After June's Federal Open Market Committee conference took investors by surprise, the July FOMC meeting gave an air of caution as the Fed was intent on not getting it wrong again.
The June FOMC came at a time when inflationary shocks were rampant in the market, as prices of used cars, goods, services, and energy all contributed to one of the highest year-over-year Consumer Price Index readings at 5.4%, with core printing 4.8%.
The Fed has continuously said it would keep the liquidity taps open until inflation would be above 2% sustainably or employment goals reached. But it kept moving goal posts every time, so the market assumed the Fed was far away from even considering tapering. Its slight hawkish tilt in June immediately raised alarm bells and saw the vicious unwind of the consensual long cyclicals and short dollar trade. Most hedge funds had been positioned long the reflation trade at the expense of technology and other defensives, ignoring China's slowing down. Now, the dollar spec shorts have all but covered their positions as the Commodity Futures Trading Commission speculative positioning shows a small long even.
This was the set up going into the July FOMC presentation.
Taper talk had been picking up in recent weeks leading up the July meeting. This was all assuming the Fed is a rational institution and would actually pre-empt a situation instead of waiting for it to happen. But as we have learned over the past decade, the Fed is incapable of taking a view other than state what has already happened. It only knows how to put out fires -- it plays a reactionary role, not one that leads.
The Fed has constantly claimed that inflation is transitory and that year-over-year base effects will be short-lived. Months later, the Fed now admits that it feels inflation will remain elevated for some time, but feels over the next year it may moderate. The Fed honestly does not know, it is more like wishful thinking or hoping, rather. They know that they cannot stop their asset purchases or taper, because if they do, this market will collapse like a house of cards. Similarly, the Fed knows that if inflation runs away faster than the U.S. gross domestic product, then it will be check-mated. Since inflation never appeared over the past decade, what harm does another $5 trillion make?
Powell started his press conference by stating that substantial progress had been made toward taper talks. The market took this as slightly hawkish at first. But then Powell was asked to define what exactly that meant. In the abstruse nature with which Fed officials are told to master their deliberations, the response left the market more perplexed than it was even before the meeting. He then flip-flopped between growth being robust and the COVID delta variant remaining a risk to the economy.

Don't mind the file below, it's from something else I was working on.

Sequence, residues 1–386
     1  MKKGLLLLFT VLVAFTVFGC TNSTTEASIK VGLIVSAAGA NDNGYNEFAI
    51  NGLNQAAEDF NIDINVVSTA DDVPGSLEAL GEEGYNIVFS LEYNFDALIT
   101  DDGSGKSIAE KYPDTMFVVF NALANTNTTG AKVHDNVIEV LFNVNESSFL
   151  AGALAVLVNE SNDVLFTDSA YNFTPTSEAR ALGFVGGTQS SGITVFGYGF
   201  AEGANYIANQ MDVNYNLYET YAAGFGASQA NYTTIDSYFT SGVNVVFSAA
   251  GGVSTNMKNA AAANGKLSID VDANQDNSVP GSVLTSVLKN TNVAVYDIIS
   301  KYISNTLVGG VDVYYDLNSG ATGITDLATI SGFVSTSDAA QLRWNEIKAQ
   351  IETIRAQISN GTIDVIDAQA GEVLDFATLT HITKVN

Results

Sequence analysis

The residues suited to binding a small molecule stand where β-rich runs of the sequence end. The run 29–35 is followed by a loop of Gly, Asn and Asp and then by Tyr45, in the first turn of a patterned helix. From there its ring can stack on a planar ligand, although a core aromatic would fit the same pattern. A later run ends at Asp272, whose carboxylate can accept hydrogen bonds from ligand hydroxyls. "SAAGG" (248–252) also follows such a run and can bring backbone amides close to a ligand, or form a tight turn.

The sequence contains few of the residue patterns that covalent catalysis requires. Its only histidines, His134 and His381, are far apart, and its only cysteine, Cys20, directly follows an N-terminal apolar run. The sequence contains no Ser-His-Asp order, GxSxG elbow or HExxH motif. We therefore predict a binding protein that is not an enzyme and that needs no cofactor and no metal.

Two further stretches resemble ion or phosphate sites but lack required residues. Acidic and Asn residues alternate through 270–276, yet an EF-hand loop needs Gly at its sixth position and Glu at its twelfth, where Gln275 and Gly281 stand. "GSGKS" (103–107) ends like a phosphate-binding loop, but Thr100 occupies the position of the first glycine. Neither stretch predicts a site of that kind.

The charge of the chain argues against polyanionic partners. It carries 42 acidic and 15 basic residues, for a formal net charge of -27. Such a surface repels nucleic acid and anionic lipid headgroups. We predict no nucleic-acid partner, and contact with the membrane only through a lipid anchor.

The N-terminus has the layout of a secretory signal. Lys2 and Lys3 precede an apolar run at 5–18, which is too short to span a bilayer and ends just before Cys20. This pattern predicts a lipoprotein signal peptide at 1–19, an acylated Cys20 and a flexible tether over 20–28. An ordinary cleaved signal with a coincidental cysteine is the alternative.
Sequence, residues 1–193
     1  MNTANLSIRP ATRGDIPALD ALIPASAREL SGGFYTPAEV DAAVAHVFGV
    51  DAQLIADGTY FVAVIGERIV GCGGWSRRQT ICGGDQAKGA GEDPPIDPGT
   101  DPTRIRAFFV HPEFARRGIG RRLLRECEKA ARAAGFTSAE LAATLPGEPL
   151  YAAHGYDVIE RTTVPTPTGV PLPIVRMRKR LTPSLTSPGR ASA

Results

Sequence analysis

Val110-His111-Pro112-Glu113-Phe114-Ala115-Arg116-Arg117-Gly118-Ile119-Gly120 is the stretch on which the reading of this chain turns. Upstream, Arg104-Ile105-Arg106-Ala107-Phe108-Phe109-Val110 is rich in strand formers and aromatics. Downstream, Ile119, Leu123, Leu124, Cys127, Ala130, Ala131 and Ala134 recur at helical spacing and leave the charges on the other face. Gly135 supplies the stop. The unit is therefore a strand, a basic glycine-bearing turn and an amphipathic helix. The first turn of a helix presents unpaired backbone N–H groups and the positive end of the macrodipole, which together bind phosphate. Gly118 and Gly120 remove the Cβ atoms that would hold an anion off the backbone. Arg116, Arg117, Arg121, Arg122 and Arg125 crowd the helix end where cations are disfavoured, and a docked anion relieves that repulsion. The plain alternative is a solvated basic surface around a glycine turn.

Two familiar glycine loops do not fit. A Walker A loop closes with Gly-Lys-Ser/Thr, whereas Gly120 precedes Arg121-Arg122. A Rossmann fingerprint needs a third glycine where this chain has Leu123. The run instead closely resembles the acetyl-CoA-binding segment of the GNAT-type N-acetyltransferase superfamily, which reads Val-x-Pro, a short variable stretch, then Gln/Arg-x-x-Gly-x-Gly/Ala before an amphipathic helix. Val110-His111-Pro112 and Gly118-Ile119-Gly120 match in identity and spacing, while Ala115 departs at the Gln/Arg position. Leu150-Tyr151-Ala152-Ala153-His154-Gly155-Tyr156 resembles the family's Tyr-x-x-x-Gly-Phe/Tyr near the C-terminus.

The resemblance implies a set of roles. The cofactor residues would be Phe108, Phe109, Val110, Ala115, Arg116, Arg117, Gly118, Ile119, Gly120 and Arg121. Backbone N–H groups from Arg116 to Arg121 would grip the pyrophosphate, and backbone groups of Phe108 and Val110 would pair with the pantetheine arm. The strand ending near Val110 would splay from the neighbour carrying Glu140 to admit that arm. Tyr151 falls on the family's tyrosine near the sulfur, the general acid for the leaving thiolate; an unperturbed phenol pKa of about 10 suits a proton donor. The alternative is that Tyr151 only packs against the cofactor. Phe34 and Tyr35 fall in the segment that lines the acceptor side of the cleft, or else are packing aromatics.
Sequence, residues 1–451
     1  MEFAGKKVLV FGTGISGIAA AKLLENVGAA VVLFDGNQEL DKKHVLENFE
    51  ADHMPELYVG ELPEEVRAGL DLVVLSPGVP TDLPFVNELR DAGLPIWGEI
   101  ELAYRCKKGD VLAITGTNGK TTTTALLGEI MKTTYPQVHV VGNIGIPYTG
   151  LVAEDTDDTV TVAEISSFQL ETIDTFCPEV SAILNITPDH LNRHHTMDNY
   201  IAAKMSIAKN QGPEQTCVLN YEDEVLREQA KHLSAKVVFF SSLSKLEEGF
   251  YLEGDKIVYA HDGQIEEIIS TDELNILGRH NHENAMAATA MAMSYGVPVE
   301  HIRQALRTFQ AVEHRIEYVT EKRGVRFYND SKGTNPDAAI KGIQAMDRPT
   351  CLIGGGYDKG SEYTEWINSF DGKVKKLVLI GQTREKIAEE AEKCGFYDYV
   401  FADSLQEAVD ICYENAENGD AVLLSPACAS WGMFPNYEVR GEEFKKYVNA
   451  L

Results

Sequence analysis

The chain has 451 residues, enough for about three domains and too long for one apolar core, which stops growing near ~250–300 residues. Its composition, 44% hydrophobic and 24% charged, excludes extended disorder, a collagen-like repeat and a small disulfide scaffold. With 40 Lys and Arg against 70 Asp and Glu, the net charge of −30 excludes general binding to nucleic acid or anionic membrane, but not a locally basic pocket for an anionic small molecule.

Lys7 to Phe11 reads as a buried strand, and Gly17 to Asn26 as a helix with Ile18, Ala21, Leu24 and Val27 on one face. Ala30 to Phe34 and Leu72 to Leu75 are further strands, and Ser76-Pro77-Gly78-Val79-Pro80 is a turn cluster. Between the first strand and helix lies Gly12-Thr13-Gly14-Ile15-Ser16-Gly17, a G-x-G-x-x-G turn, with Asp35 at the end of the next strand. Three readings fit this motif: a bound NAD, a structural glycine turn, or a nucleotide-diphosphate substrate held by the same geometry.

One sentence gave it away: Powell reiterated that the Fed is still behind in employment goals. The Fed is ignoring inflation and will continue to do so until the economy gets back to pre-COVID employment. That is its main agenda. Keep the foot on the pedal until inflation gets significantly above, or the economy grows more, whichever comes first. Even though most commentators picked up the FOMC meeting as hawkish, it was in fact quite dovish, as now it seems to have bought some time before having to make that decision.
If only Powell were more like Greenspan, who took the brave decision to raise rates before things actually got worse. It seems Powell will just wait till he has no choice. In the meantime, he is hoping that financial markets keep chugging along, even though he acknowledged that wealth inequality and job losses were biased without addressing how quantitative easing solved that dilemma.
The performance of the market has all been about extreme positioning. Into June, traders were short the dollar and long cyclicals, thinking the Fed would never taper. We know how that played out. Into July, they were all prepared for a taper sooner than later, and now the dollar has been falling since Wednesday, which is giving cyclical assets a boost. Sod's law. It is all one big macro-trade, as some cyclicals are just up a bit more given their tighter demand/supply balances.
The multimillion dollar question still remains in the market, is this inflation transitory or secular in nature? And if the latter, will it outpace U.S. economic growth. For if it does, no matter how much liquidity the Fed pumps, the market will be forced into a downward spiral of stagflation. For now, the jury is out, so enjoy the ride.